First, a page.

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42

Made for TV, intended to be a one off character, but expanded to more when the studio wanted a spin off from Hercules. Xena was originally conceived to die at the end of the third episode, "Unchained Heart", but when the studio decided they wanted to do a spin-off from Hercules, the producer Robert Tapert said that Xena was the best choice, since she was ...


35

The earliest magical sword I could find was Asi, from the Mahabharata The sword Asi, the first sword ever created, was supposedly made by Brahma (the creator of the universe in the Mahabharata) in a fire sacrifice ritual next to the Himalaya, as a tool for the Devas to fight back against the Asuras. It was a sentient weapon, derived from a being described ...


32

The short answer seems to be that while none of the various gods are copyrighted, DC got there first, in the 1940s, with their depiction of Wonder Woman and the (more familiar) Greek gods that were situated into her stories. These characters appeared on and off for more than 20 years before Stan Lee and Marvel, in the 1960s, decided to create a godly ...


29

From an Article titled "In his new book, 'Cabinet of Curiosities,' director Guillermo del Toro reveals the inspiration behind his monstrous creations": For what’s considered his signature creation, the child-devouring albino demon Pale Man, del Toro started with an idea of an old man with sagging skin. “There was also this thing that I had as a ...


24

It seems extremely likely that the ending was inspired by the story of the Death of Arthur; from Le Morte d'Arthur: Then Sir Bedivere took the king upon his back, and so went with him to that water side. And when they were at the water side, even fast by the bank hoved a little barge with many fair ladies in it, and among them all was a queen, and all ...


24

There are almost certainly much older examples, but this was the one I first thought of- slightly older than the stories of Excalibur: The sword Beowulf uses to kill Grendel's mother. According to wikipedia: c. 700–1000 CE (date of poem), c. 975–1010 CE (date of manuscript) As readable on Project Gutenburg (chapters XXIII - XXIV), Beowulf goes to slay ...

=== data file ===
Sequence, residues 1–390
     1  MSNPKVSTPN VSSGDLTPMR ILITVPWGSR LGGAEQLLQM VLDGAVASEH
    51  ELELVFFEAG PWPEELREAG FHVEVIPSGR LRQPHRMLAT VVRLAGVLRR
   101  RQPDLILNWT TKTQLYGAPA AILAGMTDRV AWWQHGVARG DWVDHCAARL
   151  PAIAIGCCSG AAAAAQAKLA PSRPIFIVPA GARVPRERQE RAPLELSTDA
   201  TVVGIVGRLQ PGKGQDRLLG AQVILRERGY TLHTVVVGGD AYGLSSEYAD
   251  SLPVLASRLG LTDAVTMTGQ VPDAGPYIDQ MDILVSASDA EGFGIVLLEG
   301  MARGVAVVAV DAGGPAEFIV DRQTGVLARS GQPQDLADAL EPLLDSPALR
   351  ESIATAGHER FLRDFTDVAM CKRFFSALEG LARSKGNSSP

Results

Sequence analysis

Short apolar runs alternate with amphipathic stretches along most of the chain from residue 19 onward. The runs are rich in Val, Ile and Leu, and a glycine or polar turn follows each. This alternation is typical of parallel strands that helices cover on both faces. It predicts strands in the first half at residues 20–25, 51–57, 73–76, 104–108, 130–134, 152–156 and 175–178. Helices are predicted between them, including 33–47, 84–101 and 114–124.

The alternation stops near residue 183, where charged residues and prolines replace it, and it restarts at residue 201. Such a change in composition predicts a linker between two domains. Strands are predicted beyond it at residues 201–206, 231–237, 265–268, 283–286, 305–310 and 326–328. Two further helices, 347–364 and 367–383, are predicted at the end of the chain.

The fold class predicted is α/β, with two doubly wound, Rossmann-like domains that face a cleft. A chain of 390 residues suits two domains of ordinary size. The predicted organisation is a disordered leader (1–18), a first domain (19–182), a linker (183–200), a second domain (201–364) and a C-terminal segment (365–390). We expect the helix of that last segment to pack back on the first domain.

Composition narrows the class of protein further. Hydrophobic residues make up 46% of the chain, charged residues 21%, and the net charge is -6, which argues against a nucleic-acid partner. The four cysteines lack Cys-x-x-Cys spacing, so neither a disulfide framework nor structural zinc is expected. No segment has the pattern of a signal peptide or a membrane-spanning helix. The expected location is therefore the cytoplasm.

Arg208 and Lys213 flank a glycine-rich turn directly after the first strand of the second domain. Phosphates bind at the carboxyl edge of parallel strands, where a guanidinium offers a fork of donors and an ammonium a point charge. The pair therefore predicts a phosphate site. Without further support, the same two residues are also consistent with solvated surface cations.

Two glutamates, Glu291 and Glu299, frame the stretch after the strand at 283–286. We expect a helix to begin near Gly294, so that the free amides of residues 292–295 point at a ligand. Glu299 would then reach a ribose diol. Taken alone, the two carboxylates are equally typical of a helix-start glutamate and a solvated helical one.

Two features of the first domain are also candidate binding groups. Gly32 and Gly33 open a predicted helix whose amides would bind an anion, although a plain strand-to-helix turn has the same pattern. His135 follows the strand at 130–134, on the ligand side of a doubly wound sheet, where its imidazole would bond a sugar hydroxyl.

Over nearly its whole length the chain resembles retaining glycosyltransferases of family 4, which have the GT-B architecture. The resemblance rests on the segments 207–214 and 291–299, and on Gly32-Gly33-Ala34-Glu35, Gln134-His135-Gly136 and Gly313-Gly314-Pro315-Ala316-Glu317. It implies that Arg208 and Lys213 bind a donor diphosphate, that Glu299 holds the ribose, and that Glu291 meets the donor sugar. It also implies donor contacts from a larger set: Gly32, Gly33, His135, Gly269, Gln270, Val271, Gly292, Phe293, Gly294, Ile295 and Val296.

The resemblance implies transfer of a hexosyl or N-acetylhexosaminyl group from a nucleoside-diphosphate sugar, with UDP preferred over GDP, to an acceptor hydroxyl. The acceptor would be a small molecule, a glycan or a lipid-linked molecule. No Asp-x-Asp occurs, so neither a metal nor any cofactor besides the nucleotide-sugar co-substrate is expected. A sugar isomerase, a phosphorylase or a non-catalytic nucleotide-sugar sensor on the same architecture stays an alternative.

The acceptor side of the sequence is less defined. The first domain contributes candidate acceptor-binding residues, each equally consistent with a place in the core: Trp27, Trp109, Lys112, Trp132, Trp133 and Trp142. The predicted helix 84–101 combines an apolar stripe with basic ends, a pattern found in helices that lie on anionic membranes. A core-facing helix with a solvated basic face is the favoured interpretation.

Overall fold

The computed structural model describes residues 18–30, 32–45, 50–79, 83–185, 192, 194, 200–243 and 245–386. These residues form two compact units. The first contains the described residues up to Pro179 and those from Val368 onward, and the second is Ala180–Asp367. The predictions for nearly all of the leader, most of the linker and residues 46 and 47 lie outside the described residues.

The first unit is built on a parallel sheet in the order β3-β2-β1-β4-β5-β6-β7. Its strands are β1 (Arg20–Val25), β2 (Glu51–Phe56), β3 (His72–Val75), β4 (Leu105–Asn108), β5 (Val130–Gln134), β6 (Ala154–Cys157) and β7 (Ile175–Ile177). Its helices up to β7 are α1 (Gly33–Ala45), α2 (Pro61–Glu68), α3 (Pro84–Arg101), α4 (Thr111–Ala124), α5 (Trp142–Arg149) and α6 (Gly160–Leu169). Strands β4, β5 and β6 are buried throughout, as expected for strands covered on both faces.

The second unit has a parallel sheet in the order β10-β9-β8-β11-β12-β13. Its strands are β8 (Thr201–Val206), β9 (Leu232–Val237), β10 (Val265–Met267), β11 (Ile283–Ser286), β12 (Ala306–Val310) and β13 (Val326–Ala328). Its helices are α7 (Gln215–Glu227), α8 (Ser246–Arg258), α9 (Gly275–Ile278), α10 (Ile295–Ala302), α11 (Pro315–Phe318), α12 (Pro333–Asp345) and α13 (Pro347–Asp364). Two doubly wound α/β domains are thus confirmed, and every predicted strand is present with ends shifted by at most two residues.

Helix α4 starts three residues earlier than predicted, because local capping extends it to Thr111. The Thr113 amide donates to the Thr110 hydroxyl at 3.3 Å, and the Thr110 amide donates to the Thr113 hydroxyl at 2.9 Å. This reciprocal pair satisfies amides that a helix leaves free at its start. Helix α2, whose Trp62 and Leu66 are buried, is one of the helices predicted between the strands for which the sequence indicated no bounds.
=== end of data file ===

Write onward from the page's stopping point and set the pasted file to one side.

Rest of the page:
24

I believe at the root of this is the notion of "that which you eat you will gain the strength/speed/inteligence/power of." Draining the power of Gods in WoW would be the equivalent of eating them in olden times. It is now easy to understand why a savage should desire to partake of the flesh of an animal or man whom he regards as divine. By eating the ...


18

There are very few examples, one of which is Aeneas: a Trojan hero, the son of the prince Anchises and the goddess Aphrodite. The Wikipedia article on demigods gives a good cultural explanation as to why there were not many: The fact that male deities of Greek myth had far more notable children with mortals than the female goddesses can be ...


17

Copy and pasted from How Many Creatures did J.R.R. Tolkien Invent for Middle-earth?: It’s hard to say how many of the creatures in the various Tolkien books were actual creatures of his own invention. Even Hobbits bear some strong resemblances to certain types of fairy-creatures: they live in hills, they are diminutive in size, they can disappear quickly, ...


17

This sounds like Jorōgumo This yokai is typically depicted as being a seductive female who lures men close before revealing its spider-like body and eating its victim. As Mythical Creatures List explains, The Jorogumo is a mythical creature from Japanese folklore whose name translates as ‘prostitute spider’. The name is now used to denote particular ...